Claiming to be the first bank in the metaverse, JPMorgan announced the opening of a “lounge” in Decentraland. Upon entering the lounge—which was established by Onyx, the bank’s blockchain unit—visitors are greeted by a digital portrait of Jamie Dimon (which morphs into the image of the bank’s head of crypto) and a roaming tiger.
I didn’t find a lot to do in the lounge other than viewing a wall touting the bank’s blockchain accomplishments and watching a video of Chase’s eCommerce and Fintech Forum from June 2021. There’s an upstairs to the lounge, but all I found there was a female avatar that kept walking into my avatar.
It would be easy to write this off as a useless initiative from a bank that can afford to spend $12 billion on technology. As Cornerstone Advisors’ Director of Fintech Research Alex Johnson wrote in his Fintech Takes newsletter:
“At some point in the future, it’s possible that the digital worlds being built today will have aggregated sufficient user attention and engagement that financial services companies will need to invest in the metaverse as an acquisition and customer service channel. But we’re not there yet. Until the metaverse is a little less empty, resist the temptation to colonize it with branches and billboards.”
There are some that believe banks should establish bank branches in the metaverse, however. According to IBS Intelligence:
“Virtual branches are the next logical step for how financial institutions can utilize virtual reality. Imagine never having to take a break during working hours and wait in a line at the bank. Now imagine getting personalized banking service at the comfort of your home, when it’s convenient for you while enjoying a cup of coffee.”
JPMorgan doesn’t appear to believe that its metaverse lounge will serve random metaverse visitors who will, on a lark, decide to open a checking account, however. While the purpose of the lounge itself seems suspect, the bank’s thinking about the metaverse’s potential opportunities is spot on:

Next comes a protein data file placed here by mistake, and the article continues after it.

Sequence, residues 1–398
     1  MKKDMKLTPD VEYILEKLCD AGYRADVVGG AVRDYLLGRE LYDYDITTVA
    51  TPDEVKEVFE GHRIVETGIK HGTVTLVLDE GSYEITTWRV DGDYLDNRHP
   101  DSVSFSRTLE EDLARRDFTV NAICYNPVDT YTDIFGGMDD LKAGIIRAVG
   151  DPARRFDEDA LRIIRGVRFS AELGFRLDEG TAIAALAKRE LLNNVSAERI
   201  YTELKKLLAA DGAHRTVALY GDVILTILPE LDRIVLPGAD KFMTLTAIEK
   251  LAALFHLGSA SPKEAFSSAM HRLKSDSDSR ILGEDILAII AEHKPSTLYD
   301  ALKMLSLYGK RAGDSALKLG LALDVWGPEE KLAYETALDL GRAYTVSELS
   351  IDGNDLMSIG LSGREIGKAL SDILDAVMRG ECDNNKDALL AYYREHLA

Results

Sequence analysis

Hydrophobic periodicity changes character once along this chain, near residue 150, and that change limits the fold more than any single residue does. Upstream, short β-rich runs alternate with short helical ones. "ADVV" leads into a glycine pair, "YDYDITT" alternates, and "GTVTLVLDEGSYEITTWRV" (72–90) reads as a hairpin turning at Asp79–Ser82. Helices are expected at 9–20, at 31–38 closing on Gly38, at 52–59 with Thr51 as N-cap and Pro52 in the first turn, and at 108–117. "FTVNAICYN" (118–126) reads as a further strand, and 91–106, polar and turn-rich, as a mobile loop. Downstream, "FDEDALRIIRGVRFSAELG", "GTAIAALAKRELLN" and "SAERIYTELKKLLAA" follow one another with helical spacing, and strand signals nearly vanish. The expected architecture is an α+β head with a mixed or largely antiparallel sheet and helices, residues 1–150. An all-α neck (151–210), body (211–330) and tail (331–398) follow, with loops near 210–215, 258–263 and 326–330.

“Supply and demand dynamics are driving people into the meta-economy. Over time, the market for metaverse real estate could evolve in a similar way as the real estate market in the analog world. In time, the virtual real estate market could start seeing services much like in the physical world, including credit, mortgages, and rental agreements.”
As I wrote in a recent Fintech Snark Tank article, The Coming Boom In Metaverse Lending For Banks, virtual real estate sales are skyrocketing. The two largest virtual worlds—The Sandbox and Decentraland—saw 86,000 virtual property transactions totaling $460 million in sales in 2021.
For both virtual worlds, the average investment in land was about $5,300, but prices have grown considerably from an average of $100 per land in January 2021 to $15,000 in December 2021, with rapid growth in the fourth quarter when the Sandbox Alpha was released.
In the past month, sales of property on the six most popular virtual worlds brought in more than 52,000 ETH—roughly $169 million—on NFT trading platform OpenSea.
A “mortgage” isn’t the right analogy for purchasing virtual property in the metaverse. Commercial real estate lending is the better analogy.
Metaverse property prices rose 700% in 2021, but it isn’t just price speculation that’s driving the increase—it’s the opportunity to monetize virtual land with games, events, and other revenue-producing ideas.
Banks have developed a competency in evaluating real real estate lending. Smart and entrepreneurial banks will develop the capability to evaluate virtual real estate lending, as well. Many of the same principles apply to both types of assets.
Much like early movers into the metaverse are trying to establish their “metaverse brand,” early lenders will be able to establish themselves as “metaverse lenders.”
According to JPMorgan’s metaverse report:
“The success of building and scaling in the metaverse is dependent on having a robust and flexible financial ecosystem that will allow users to seamlessly connect between the physical and virtual worlds.”
In enabling the gaming ecosystem, the bank intends to focus on three verticals:
TechBullion recently commented:
“[Metaverse] transactions require some type of financial infrastructure. But traditional financial institutions may not be primary players in the Metaverse. Most are still hovering on the periphery of decentralized finance. When the Metaverse launches, digital banks will be in the perfect position to facilitate transactions. DeFi protocols will also quickly adapt and position themselves as major players.”
It appears that JPMorgan takes exception to TechBullion’s comments.